In the majority of cases secondary causes of sclerosing cholangitis can be excluded based on the history of the patient and advanced imaging, like MRCP. Secondary sclerosing cholangitis is caused by a number of heterogenous diseases, that include, but are not limited to obstruction by biliary stones, viral or parasitic infection in patients with organ transplant or AIDS, biliary ischemia in allograft rejection, vasculitis, chemotherapy or critical illness. Other secondary etiologies are histiocytosis and sarcoidosis. Negative antimitochondrial autoantibody test can help exclude primary biliary cirrhosis. IgG4 associated cholangiopathy and autoimmune hepatitis should be considered as alternative diagnoses.
ManagementUrsodeoxycholic acid (UDCA), a hydrophilic bile salt, has a potential to improve liver test abnormalities, test abnormalities, but the evidence for efficacy on progressive fibrosis is lacking. In fact, there is no medical therapy that has been proven to prolong survival in PSC in a phase III clinical trial. Patients with PSC and IBD should have annual colonoscopic surveillance to detect and remove dysplastic lesions and prevent colorectal cancer. In patients without IBD colonoscopy is recommended in 5-year intervals. In case of bacterial cholangitis antibiotics are first line therapy. Treatment of dominant strictures by endoscopic dilatation or stent placement may improve symptoms and clinical findings. Screening and follow-up of end stage liver disease and its complications, cholangiocarcinoma, osteoporosis is required regularly. In advanced liver disease liver transplantation should be considered. Most recent guidelines:
- https://journals.lww.com/ajg/Fulltext/2015/05000/ACG_Clinical_Guideline__Primary_Sclerosing.10.aspx (2015)
- https://www.bsg.org.uk/clinical-resource/bsg-and-uk-psc-guidelines-for-the-diagnosis-and-management-of-primary-sclerosing-cholangitis/ (2019)
- https://www.esge.com/role-of-endoscopy-in-primary-sclerosing-cholangitis/ (2017)
PSC causes accumulation of fibrotic tissue and may lead to cirrhosis with portal hypertension and finally liver failure needing liver transplantation. Bacterial cholangitis are often complications of biliary strictures. Gallbladder abnormalities are frequently observed such as dilatation, cholecystitis, gallstones and benign or malignant lesions. PSC also associates with an increased risk of biliary and colorectal cancer.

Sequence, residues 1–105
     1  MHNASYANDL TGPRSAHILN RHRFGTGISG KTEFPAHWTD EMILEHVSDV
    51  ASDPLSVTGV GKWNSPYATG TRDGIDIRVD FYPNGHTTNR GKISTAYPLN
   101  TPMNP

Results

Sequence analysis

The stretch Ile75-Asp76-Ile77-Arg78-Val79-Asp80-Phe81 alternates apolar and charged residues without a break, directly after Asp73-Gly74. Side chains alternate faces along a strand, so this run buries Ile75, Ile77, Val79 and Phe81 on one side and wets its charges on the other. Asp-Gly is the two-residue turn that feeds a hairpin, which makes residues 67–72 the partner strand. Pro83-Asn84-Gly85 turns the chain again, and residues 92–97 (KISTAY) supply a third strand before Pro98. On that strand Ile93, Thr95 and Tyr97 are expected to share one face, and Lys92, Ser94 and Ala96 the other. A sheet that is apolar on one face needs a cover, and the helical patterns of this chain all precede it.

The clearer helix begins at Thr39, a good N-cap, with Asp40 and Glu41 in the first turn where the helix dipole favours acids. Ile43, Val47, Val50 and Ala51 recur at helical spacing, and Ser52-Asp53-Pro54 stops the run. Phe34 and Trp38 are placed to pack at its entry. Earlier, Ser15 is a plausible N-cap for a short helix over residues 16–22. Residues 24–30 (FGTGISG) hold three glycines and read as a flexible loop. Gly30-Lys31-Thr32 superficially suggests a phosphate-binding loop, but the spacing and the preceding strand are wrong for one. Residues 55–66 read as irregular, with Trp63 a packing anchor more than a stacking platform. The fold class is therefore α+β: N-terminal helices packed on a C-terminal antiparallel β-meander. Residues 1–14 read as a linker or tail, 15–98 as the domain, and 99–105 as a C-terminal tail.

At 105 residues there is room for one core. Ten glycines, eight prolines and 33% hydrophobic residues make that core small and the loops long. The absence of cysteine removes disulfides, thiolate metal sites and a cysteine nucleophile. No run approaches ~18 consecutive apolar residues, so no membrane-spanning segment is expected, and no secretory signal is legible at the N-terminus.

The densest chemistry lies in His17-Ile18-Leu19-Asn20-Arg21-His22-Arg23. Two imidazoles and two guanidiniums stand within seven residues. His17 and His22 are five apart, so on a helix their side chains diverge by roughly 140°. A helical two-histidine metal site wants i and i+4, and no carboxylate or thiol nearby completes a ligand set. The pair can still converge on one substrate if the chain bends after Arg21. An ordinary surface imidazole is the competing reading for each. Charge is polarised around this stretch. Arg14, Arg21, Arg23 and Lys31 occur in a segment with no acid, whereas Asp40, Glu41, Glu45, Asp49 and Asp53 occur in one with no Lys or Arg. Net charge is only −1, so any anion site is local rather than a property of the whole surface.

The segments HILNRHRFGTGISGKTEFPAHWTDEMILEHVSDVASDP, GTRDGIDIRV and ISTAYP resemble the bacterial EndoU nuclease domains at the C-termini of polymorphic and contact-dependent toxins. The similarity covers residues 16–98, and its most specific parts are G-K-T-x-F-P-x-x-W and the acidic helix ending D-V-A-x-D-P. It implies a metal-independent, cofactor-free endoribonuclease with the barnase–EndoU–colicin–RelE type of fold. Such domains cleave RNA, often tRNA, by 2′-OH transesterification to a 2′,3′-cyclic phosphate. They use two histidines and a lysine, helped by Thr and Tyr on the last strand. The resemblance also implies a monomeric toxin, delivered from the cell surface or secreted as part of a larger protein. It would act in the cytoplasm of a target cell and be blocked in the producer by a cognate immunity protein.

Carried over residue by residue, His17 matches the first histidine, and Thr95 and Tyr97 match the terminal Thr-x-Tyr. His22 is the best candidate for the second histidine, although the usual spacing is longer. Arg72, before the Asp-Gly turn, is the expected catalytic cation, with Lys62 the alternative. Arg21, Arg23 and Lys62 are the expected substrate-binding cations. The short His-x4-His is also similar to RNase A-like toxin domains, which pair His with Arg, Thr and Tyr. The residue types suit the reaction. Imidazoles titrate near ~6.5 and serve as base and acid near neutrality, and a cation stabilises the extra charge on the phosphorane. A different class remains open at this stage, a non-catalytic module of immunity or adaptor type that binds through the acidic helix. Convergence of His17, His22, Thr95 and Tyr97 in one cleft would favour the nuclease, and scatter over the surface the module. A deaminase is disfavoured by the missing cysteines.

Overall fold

Osteoporosis can associate to all cholestatic liver diseases, thus PSC as well.
If you wish to discuss a primary sclerosing cholangitis case with experts from the ERN, you can upload cases to the CPMS: https://cpms.ern-net.eu/login/.
The CPMS is essential for interaction between healthcare professionals and experts on clinical decision-making, and is provided by the European Union to all ERNs. CPMS supports online multidisciplinary meetings (tele-boards) to discuss patients with diagnostic or therapeutic dilemmas in need of expert consultation. CPMS offers the opportunity to upload and share clinical data of patients and pictures such as histological slides or MRI images. Importantly, this is fully in line with European data protection law. It is obligatory to inform patients about CPMS and obtain their informed consent before their data are entered into the system (see CPMS Privacy Statement published by the European Commission on 14 December 2017). The consent form is available in all EU languages in CPMS.
Clinical practice guidelines: Links
Below you will find specific information on the diseases covered by our three pillars. In addition, we provide links to the clinical practice guideline pages of the professional societies:
European Association of the Liver (EASL)
European Society for Paediatric Gastroenterology Hepatology and Nutrition (ESPGHAN)